- - Monday, June 6, 2016


Query: Can “Captain China” compete with Captain America?

Joe and Anthony Russo, directors of “Captain America: Civil War,” which over Memorial Day weekend surpassed $1.1 billion in global revenue, are betting that he can. Following the film’s $100 million opening weekend in China last month, they announced they will produce a similar Chinese franchise, which the media has dubbed “Captain China.”

China’s box office grew at an astounding 49 percent last year. The country is building 15 new movie theaters a day. It is expected to surpass North America as the biggest global movie market by the end of 2017 and has increasingly become an arbiter of a film’s success.

Just don’t expect a Captain China to share the same anti-government, individualistic, and — in Joe Russo’s word — “subversive” traits of his American counterpart. Such values in a Chinese context would never get past the Chinese Communist Party’s propaganda agency, the State Administration of Press, Publication, Radio, Film, and Television, whose approval is required before any movie can be distributed in the country.

The Chinese government’s movie censorship bureau raises soft power concerns that have been largely overlooked as the yuan keeps rolling in. (Last year, the Chinese box office generated $2.6 billion for Hollywood films.) Giving up some creative control from time to time to placate Chinese censors in order to secure distribution is the price for what can amount to tens of millions of dollars of increased revenue.

The 2014 hack of Sony Pictures Entertainment exposed the Faustian bargain Hollywood producers make with Chinese censors. In one leaked email, a Sony executive complained about censors’ issue with “the best and most vital” “Robocop” scene, but acquiesced: “Don’t think we can make a stand on it either way, too much money on the line, cross fingers we don’t have to cut the scene out.”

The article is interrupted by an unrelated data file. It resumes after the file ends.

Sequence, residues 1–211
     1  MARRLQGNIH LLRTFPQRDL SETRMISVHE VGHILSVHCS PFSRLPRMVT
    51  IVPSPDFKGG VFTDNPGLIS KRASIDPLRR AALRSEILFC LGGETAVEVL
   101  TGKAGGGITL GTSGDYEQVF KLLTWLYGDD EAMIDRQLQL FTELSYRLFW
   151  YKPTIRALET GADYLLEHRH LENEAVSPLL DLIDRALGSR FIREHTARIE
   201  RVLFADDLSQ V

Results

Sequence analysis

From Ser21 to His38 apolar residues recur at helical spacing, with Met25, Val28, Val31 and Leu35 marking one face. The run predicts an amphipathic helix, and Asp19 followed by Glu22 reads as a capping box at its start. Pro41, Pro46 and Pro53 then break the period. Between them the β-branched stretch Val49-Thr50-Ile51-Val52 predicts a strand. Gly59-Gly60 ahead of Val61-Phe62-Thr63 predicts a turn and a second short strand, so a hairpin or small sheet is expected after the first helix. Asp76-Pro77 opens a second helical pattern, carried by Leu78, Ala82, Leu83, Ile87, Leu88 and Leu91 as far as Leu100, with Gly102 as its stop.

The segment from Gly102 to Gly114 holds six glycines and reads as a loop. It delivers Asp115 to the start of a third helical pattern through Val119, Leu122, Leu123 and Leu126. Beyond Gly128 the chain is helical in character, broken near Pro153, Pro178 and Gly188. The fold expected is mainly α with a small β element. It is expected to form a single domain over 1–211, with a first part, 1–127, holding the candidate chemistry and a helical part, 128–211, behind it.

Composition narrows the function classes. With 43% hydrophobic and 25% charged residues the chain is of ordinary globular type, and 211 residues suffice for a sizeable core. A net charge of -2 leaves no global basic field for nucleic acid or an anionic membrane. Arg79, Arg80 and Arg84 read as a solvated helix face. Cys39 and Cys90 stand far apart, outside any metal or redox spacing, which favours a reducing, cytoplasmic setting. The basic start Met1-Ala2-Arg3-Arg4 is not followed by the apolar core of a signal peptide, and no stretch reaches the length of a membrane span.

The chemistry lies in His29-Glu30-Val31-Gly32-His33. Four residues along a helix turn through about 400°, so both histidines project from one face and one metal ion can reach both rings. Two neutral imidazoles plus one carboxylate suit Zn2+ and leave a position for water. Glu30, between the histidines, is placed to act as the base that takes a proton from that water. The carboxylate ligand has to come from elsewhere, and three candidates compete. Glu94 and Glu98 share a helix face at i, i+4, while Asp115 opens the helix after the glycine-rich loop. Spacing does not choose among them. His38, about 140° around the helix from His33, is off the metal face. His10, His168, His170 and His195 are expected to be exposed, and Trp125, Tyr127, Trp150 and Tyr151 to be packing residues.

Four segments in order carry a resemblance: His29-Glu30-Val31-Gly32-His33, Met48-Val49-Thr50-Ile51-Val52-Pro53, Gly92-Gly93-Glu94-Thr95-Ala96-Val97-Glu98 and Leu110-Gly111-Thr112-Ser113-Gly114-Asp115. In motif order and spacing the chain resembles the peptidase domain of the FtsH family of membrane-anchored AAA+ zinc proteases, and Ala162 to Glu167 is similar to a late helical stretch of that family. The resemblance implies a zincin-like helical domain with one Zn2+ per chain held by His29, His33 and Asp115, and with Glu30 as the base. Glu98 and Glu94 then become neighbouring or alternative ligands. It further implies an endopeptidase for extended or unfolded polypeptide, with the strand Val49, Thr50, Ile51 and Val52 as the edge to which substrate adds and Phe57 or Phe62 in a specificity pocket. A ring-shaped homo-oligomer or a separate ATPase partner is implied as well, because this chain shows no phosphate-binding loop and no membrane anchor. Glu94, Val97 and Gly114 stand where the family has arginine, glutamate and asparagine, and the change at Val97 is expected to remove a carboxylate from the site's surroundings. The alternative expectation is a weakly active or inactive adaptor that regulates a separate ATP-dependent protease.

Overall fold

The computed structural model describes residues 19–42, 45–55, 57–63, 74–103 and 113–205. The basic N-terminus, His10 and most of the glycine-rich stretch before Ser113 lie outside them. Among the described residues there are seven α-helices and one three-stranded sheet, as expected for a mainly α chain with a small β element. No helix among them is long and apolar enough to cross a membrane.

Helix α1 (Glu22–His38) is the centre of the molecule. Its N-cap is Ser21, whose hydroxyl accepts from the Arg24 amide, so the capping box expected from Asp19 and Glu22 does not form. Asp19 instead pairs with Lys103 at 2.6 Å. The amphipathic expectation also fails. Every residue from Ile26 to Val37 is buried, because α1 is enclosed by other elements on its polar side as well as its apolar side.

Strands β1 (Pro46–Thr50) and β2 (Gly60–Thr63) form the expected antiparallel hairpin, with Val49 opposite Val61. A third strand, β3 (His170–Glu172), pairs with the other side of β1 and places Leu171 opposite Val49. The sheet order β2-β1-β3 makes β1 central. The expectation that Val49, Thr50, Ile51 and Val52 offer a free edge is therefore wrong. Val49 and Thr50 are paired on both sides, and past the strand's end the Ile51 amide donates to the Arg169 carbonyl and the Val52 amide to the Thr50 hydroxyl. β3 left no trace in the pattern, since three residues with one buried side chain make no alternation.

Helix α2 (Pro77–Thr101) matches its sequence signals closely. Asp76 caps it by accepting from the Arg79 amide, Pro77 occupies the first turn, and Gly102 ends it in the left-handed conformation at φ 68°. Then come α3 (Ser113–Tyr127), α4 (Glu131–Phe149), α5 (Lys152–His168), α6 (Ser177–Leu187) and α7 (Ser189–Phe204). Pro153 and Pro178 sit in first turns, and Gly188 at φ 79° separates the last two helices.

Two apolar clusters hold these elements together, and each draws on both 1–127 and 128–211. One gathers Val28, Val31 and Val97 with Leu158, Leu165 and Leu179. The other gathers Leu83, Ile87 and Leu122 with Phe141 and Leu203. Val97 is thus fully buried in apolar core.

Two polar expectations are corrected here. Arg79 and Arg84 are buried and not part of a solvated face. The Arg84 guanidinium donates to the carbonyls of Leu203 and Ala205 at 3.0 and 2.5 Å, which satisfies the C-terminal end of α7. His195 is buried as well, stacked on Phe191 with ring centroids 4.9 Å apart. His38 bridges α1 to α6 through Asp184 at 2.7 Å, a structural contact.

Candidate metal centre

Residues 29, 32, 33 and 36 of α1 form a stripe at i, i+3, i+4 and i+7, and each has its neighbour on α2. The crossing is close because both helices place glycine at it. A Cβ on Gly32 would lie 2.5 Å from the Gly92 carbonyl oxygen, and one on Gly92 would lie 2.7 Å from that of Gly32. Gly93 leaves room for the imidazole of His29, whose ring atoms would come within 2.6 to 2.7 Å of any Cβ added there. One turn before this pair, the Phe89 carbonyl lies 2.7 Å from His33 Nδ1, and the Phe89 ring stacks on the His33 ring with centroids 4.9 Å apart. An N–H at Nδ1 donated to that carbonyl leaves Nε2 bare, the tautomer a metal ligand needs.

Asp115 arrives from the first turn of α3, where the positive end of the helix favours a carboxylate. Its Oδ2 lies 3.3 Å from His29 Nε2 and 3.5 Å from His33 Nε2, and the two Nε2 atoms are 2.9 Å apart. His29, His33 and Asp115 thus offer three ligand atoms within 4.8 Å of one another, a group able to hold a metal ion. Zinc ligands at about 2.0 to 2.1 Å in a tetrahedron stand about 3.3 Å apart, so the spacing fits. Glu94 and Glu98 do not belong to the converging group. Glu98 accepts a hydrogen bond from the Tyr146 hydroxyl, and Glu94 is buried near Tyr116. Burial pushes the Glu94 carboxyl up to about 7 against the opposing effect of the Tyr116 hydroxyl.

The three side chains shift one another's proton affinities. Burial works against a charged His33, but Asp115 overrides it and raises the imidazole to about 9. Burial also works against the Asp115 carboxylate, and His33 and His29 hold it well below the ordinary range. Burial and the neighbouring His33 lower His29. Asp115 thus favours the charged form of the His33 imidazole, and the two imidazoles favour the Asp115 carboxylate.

Executives that offend Chinese censors learn their financial lessons the hard way. “Captain Phillips” fell $9 million short of its revenue goals after China’s censors forbade distribution because of the film’s positive portrayal of the U.S. military. The 3-D remake of “Top Gun” was rejected by China for the same reason. On other hand, “Red Dawn” was able to clear the bar by changing the invading army from Chinese to North Korean in postproduction.

Censors required “Mission: Impossible 3” and “Skyfall” to cut scenes of laundry drying on Shanghai clotheslines and James Bond killing a Chinese security guard, respectively, because they thought these made China look bad. World War Z was forced to eliminate China as the source of a global pandemic. And “Men in Black 3” was forced to eliminate a scene where civilians’ memories are erased, an allusion — says a Chinese newspaper — to China’s Internet censorship policies.

To preemptively appeal to China, American films are self-censoring. Big producers “are not going to go and make something that the Chinese would reject for social or political reasons,” says independent producer Peter Shiao. “That is already a truism.”

Consolidating its control over what you may see at the theater, state-backed Chinese firms are purchasing U.S. creative and distribution companies. Dalian Wanda, which has significant ties to the Communist Party, bought production company Legendary Entertainment in January. This followed its 2012 acquisition of AMC Theatres, which is making a play for Carmike Cinemas, a move that would make it the biggest cinema chain in the United States. This control suggests you won’t see any films critical of China’s military expansion on manufactured islands in the South China Sea.

Dalian Wanda — run by Wang Jianlin, a former Communist Party deputy — is also venturing into the theme park business and taking an aggressive stance against Disney, which is set to open its first mainland theme park in Shanghai. Mr. Wang’s response: “One tiger is no match for a pack of wolves. Shanghai has one Disney, while Wanda, across the nation, will open 15 to 20.” He claims that Disney shouldn’t have entered the China market. Might that signal pressure on Disney when their movies vie for screen time on Wanda-owned theaters in the United States?

Ownership of American assets by private Chinese citizens is fine. Ownership of American assets by business groups backed by the Chinese Communist Party is not. For all its many flaws, the Chinese Communist Party recognizes the power that the arts — film, books, TV and radio — have in shaping public opinion. Our domestic public opinion formation is upstream from government public policy. In this sense, China’s formalized soft power offensive to manage public opinion — known in Mandarin as Zheng Zhi Dou Zheng — poses a national security threat. Captain American should take note.

Richard Berman is the president of Berman and Company, a public affairs firm in Washington, D.C.



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